ORONO, Maine — Practically everything consumers purchase these days from groceries to shoes to books gets put in a plastic bag by the retailer. Other than recycling or reusing them as liners in household trash cans, it’s tough to figure out what to do with them.
But Mary Mahoney demonstrated how to turn those plastic shopping bags into identity card holders, wallets and purses as part of Saturday’s 15th annual HOPE Festival and Green Expo.
Mahoney, 37, of Brewer said she is experimenting with ways to market the products as a fundraiser for H.O.M.E. Inc. in Orland.
She showed people attending the festival at the Student Recreation and Fitness Center at the University of Maine how to fuse several bags together between parchment paper with an iron. Mahoney then cut the bags into strips and showed how to crochet the strips into a water bottle holder and a purse.
“It takes 25 shopping bags to make a water bottle holder,” she said, “Fifty to make a small purse, and 100 to make a large purse. And they’re waterproof.”
Mahoney’s demonstration was among the new offerings this year at the festival’s new location, along with workshops on community gardening, reducing home energy costs and yoga, Ilze Petersons of the Peace and Justice Center of Eastern Maine in Bangor said Saturday. The center has sponsored the event since it began 15 years ago. This is the second year the festival has been held at the university and the first year in the rec center — the first green building on campus.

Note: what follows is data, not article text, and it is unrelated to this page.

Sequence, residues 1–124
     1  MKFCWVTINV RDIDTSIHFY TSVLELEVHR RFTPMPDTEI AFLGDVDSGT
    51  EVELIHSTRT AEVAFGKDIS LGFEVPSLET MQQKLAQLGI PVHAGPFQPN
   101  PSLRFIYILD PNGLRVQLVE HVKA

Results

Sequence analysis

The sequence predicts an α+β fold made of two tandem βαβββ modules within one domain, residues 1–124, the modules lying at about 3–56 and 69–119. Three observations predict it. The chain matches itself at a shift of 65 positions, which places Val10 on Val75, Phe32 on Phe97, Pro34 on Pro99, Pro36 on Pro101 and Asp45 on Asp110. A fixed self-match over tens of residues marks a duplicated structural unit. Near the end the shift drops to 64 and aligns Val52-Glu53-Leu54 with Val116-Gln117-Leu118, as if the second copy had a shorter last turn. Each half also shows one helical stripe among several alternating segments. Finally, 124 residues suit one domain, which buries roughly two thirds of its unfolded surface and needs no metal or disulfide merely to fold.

“People are loving the space [because] it’s light and airy,” Petersons said about an hour into the festival that got under way at 11 a.m. after a fun run for adults and children. “There’s so much going on, it’s like a six-ring circus.”
Nearly 60 organizations and individuals offered information about topics from home-schooling to sustainable living to nonviolent communication and peace issues. The Green Team from the Weatherbee School in Hampden offered information on how students could raise awareness about environmental issues.
“We meet each Friday, and in the spring we go on litter patrol and clean up around the school,” Kyle Tolman, 13, of Newburgh and a member of the Green Team, said Saturday. “We weigh it each week and add it up at the end of the year. Last spring, it weighed 36 pounds.”
On Saturday, Tolman and fellow team member Dustin Ramsay, 13, of Hampden offered juice pouches to thirsty festival-goers, asking them to return the pouches. The Green Team sends the pouches to a New Jersey company called TerraCycle Inc. That firm pays the team 2 cents per pouch and turns them into tote and book bags that are sold at retail stores.
Two years ago, the Green Team was awarded $500 at the festival by the Joe Hill Foundation. The team has used that money to create a tool kit to help students around Maine in grades three through eight organize and lead a Green Team of their own. It will be available next month, according to Ramsey.